Restoration of valuable artwork is not for beginners, unless you’re under the tutelage of an experienced professional. This piece is by Sir Thomas Lawrence, a well-known British court portrait painter from the late 1700s – early 1800s. It was improperly “cleaned” by someone and then brought to me to fix. It was quite the task, as so much of it was removed that I had to guess and invent the details.
So many people think that restoration is an easy process, but there is much to learn, and I find that I learn something new from each piece, even after 16 years of cleaning paintings! Today one can just go to the store and simply pick up a jar of damar varnish, but not so in the 1800s. Many artists invented their own formulas, or improved upon those of their master’s. By this point, the artists of that time would already seen that varnishes yellow, crack and shrink. In attempts to make a better varnish, artists sometimes resorted to chemicals that would bond over time to the paint, and become virtually permanent. In using strong chemicals to remove such finishes, it is possible to strip off the paint as well. Soft colors such as reds and browns are the first affected. If you wish to try restoration yourself, please try it out on artwork that you are sure isn’t valuable! This piece above was probably worth about $175,000 if it had been in good condition. Try out your chemicals in a small, inconspicuous area first, not in the center of the piece.
To restore this piece, I researched not only other work by Sir Thomas, but the sitter as well. The portrait is of Lady Elizabeth Hope Vere, daughter of George Hay, the 7th Marquis of Tweedle (Edinborough) who was imprisoned by Napoleon. The Marquis and his wife both perished in jail at Verdun. Elizabeth was about 14 at the time. I found a society page that spoke of the lovely facinator/feathers in her hair that then became the height of fashion, and as there was evidence that there was something red in her hair, so I added a splash of that, to her right side (viewer’s left). I haven’t seen other images of this particular portrait online (which of course would have made my work on it so much easier!) so I think it may have always been in private collections.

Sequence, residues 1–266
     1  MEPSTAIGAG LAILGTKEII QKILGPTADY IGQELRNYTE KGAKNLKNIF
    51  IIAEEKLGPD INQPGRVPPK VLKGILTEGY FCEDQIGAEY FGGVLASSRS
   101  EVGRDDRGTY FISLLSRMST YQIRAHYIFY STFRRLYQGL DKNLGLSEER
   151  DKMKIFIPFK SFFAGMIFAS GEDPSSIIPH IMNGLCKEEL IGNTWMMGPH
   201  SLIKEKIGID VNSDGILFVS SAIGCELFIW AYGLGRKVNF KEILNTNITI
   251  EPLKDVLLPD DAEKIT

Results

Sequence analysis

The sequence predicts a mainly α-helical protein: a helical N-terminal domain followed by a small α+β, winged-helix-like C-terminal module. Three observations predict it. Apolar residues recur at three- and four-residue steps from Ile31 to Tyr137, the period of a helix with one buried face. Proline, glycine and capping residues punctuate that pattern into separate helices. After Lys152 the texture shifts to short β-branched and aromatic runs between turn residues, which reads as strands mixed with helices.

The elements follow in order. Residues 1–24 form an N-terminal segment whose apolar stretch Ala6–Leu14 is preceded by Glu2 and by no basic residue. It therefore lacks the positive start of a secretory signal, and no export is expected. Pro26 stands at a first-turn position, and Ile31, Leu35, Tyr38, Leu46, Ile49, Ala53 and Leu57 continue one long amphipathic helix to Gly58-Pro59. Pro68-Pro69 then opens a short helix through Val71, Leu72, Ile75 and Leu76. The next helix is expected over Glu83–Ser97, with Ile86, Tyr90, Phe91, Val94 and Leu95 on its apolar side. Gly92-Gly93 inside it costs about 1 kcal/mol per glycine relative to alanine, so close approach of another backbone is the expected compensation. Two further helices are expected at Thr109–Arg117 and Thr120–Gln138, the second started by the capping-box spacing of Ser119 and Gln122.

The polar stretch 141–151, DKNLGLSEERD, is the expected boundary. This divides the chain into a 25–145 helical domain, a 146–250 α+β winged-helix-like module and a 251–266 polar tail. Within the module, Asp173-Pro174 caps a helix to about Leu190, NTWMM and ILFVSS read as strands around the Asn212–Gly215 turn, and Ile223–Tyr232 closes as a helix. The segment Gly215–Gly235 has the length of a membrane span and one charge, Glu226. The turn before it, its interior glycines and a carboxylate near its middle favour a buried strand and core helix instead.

I also made castings of the missing chunks of frame. These were then glued into place and underpainted. Some areas received black base coat, some red and some yellow. It takes some detective work to see what is needed so that when the gold is applied the proper color shows through. The patination of the leaf is applied in layers and samples are made prior to working on the frame itself. Each frame is unique in its coloring due to the type of gold used (which can range from 18 karat up to 24, white, lemon, rose, etc), the base or bole underneath, what was used as the original antiquing and atmospheric conditions it’s been exposed to over the years.